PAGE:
African-American Vaudeville: Separate and Unequal by Amber Kearns

            The Vaudeville genre was particularly popular in the United States and Canada from the late 1900s until its decline in the 1920s. Including musicians, dancers, actors in short scenes, comedians, magicians, animals, and many other acts, these performances were various and unique, often having little relation to one another, yet grouped on one bill. The bill was repeated throughout one circuit generally and then replaced with a new build to complete the circuit again.

The Tutt Brothers: Pioneering Black Impressarios by David Soren

African-American performers, producers and writers Salem Tutt Whitney (born Indiana 1869 – Chicago, Feb. 12, 1934) and J. Homer Tutt (born Logansport, Indiana January 31, 1882- Los Angeles, February 10, 1951) billed themselves as brothers although they may have been half-brothers.  In the early years of the 20th century they worked together to produce travelling shows, mainly across the southern United States and exclusively for black audiences in black theaters.

Aida Overton Walker: Female African-American Superstar by David Soren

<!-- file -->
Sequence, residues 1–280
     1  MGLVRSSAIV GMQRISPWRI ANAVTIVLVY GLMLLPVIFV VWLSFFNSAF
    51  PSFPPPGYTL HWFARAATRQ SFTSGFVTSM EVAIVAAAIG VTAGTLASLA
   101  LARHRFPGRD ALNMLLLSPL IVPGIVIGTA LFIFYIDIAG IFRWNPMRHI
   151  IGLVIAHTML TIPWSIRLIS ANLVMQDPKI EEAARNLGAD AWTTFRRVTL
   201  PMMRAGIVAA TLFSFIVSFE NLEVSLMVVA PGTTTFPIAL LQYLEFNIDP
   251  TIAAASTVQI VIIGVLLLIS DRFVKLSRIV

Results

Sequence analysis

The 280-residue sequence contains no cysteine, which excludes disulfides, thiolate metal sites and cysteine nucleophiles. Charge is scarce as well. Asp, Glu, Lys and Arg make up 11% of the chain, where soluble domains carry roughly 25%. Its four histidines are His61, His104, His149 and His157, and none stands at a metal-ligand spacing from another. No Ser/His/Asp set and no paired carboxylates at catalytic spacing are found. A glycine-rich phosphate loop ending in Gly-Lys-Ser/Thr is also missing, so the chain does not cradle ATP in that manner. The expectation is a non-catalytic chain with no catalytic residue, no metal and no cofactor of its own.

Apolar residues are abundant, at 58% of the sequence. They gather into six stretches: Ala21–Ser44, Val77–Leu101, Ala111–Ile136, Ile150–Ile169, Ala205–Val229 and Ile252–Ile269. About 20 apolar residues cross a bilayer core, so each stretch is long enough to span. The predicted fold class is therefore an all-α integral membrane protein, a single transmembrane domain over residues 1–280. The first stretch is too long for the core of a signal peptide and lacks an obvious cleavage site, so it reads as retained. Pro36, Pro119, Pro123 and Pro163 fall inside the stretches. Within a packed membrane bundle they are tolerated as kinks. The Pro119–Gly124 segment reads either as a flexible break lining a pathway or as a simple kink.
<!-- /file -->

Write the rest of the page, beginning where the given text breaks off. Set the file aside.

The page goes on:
Aida Overton Walker is a name that should be more familiar to vaudeville and theater lovers than it is for she was the foremost African-American star of her generation which comprised the early years of the 20th century. Her national and even international fame was such that she was a living legend of black show business and in fact her vision of a world with dignified and respected black show business artists who did not have to demean themselves onstage was years ahead of reality.

Bert Williams: Vaudeville's Biggest Black Superstar by David Soren

Bert Williams (New Providence, Nassau, British West Indies, November 12, 1874 - New York, March 4, 1922) was arguably the most important black star of early vaudeville and was the first to cross the color line and the first to work openly with white performers in a major Broadway venue. He was a Mason and was the first black man buried with Masonic honors. And yet he fell victim to the blatant discrimination that prevailed during his lifetime so that he was not even permitted to watch his own show sitting in the preferred seats in the audience.